Inspire Me to be a... Social Worker


In the 'Inspire Me' blog series, we interview people in different careers so you can get an insight into their role, and see if it is something you might like to do too. 

This week, we spoke to Alice, a Social Worker:

What is your job title?

Practice Supervisor

What does your job involve?

Helping children and families when there are concerns about children and young people being at risk of harm, helping children and families when separated parents can't agree on the arrangements for their children, and supervising the work of other social workers in my team, offering support, training, oversight and guidance

What made you decide to do this role?

I've always wanted to make a difference in my work. I have been in social work of some form or another with children for 17 years and although it can be very hard, it is very rewarding. I have moved on to supervising other social workers to share my experience and learning, and to ensure we do our best for children at all times.

How did you get into the role? e.g. training, work experience, volunteering…

I fell into social work initially after doing a degree in English then travelling the world, working with charities and non governmental organisations linked to helping children. This set me thinking about my career: all I knew was I wanted to help people. When I returned to the UK I got an agency temp job to pay my rent. This (randomly) was as an administrator for Children's Services in child protection - it opened my eyes to a new world! The passion and commitment of the social workers there was inspirational. i knew then I wanted to do that too.

I managed to get a job as a Social Work Assistant in child protection which is still one of my favorite jobs so far - it was really hands on! From there, I moved to working with asylum-seeking families - helping them settle and access services and make links in their temporary new home. These were often traumatised children and families fleeing war and famine so this was very challenging.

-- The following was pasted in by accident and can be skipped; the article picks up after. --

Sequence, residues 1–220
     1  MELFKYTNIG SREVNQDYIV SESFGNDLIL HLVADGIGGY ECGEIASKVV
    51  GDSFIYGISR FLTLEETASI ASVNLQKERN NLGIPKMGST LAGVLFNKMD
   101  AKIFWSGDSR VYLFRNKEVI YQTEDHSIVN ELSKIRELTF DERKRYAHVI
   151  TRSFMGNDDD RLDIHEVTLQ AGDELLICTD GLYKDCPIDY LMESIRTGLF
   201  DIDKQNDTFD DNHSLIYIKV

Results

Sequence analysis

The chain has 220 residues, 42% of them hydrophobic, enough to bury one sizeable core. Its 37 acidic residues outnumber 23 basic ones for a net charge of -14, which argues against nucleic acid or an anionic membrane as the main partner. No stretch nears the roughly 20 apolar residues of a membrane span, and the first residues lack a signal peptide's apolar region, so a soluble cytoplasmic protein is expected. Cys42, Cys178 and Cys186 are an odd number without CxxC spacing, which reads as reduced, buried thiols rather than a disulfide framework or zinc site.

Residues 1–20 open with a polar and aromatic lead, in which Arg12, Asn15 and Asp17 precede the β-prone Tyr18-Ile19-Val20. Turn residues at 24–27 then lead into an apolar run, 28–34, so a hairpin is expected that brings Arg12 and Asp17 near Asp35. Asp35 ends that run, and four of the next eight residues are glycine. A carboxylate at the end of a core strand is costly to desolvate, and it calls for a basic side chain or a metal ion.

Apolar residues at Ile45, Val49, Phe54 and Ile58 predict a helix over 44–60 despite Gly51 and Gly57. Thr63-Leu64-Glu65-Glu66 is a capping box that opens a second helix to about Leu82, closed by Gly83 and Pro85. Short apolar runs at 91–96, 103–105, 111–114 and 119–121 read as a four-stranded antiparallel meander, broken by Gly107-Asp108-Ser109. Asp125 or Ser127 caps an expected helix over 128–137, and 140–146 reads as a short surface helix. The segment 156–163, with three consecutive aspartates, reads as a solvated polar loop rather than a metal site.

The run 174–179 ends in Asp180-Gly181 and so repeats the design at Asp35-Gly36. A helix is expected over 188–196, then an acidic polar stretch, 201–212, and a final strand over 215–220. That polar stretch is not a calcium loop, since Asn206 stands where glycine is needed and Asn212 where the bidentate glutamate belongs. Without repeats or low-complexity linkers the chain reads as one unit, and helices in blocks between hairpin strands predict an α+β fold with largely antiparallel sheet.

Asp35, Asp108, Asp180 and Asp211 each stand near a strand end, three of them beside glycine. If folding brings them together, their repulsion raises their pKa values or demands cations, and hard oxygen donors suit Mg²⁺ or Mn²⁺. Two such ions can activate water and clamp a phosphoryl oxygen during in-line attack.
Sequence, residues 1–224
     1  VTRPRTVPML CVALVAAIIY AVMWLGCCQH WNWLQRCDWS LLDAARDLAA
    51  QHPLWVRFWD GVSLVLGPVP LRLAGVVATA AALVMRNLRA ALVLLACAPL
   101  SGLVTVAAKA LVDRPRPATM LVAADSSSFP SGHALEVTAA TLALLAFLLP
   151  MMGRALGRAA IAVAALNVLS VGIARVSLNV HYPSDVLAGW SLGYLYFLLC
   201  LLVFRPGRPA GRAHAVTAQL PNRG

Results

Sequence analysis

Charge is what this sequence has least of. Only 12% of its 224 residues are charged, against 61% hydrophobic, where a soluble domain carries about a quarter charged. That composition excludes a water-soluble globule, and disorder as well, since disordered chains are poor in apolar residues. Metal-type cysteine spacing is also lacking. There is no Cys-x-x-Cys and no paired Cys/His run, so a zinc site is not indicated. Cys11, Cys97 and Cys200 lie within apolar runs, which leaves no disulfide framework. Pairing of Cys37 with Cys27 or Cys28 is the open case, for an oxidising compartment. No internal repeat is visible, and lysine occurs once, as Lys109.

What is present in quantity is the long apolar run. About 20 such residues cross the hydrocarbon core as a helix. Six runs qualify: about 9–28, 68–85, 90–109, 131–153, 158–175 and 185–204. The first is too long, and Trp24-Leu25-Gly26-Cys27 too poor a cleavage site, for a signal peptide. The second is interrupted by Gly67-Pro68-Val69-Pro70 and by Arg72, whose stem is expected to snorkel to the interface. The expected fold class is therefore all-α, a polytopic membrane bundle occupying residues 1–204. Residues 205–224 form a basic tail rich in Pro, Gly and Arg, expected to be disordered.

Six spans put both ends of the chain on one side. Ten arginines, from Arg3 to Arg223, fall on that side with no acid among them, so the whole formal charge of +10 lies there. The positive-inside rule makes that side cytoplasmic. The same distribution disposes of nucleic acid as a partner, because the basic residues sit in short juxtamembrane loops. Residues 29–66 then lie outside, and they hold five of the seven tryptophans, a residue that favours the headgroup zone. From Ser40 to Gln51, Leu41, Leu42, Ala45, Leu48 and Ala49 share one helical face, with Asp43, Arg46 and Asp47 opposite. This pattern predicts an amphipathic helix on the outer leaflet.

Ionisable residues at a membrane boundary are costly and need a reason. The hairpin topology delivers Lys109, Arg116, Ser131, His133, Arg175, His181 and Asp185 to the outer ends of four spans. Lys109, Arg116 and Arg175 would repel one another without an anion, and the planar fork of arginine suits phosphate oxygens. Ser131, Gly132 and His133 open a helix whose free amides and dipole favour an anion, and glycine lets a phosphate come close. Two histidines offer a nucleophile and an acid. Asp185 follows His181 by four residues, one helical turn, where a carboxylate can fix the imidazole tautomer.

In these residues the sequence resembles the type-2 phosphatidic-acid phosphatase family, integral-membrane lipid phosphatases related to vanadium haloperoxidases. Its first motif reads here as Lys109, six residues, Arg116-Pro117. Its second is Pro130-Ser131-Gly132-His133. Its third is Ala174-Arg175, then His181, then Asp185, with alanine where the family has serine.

Then I did a masters degree in social work whilst working as a Child Protection Family Support Worker in a family assessment centre, in the community and in a local Sure Start Children's Centre over the 2 years my degree took. When i qualified as a social worker, I then supervised the work of foster carers who looked after children, and then went back to child protection in various areas for a number of years.

My current organisation requires a high level of experience as a social worker, so i joined them after 10 years of work experience. I have been there 7 years, and took on a supervisory role 2 years ago.

What’s the best thing about the role?

So many things, it's hard to chose one! I love making a positive difference to children's lives everyday - whether through my own work, or helping others in my team to do so. There's always something new to learn, and every child, family and situation is different, so every day is different and brings a new challenge.

I love knowing a child is safer or happier because of my work. I also love knowing I've helped a social worker in my team to learn, grow and make good decisions for children.

What’s the worst thing about the role?

It can be very emotionally challenging - in fact is so most days. Sometimes there isn't a right answer and some of the decisions we have to make can be very hard and upsetting for everyone.

There's never a quiet day - which can be both a positive and a negative!

You can never know enough or do enough. It can be hard to accept that and take a step back when you have to.

What advice do you have for someone wanting to do the same role?

The more experience of social care and working with families you can have, the better - especially before you start down the path of training. You need to know if social work is for you before you commit to the degree. Volunteer as much as you can in as many areas you can, and learn about the various options for work in children's social care.

Be prepared for it to be a constant emotional roller-coaster - you never get used to the challenges, the highs and the lows. Make sure you have supportive family, friends and loved ones and a strong self care ethic.

Social work is not a job, it's a life choice!

Are there any Brightsparks courses that you think would be useful to someone wanting to do the role?

Essential Skills for Working With Children and Young People

Managing Challenging Behaviour

Developing Emotional Resilience in Children and Young People

Understanding Trauma and Attachment

Staying Safe Online

All those courses look great for thinking about getting into social work. So I'd recommend all of them!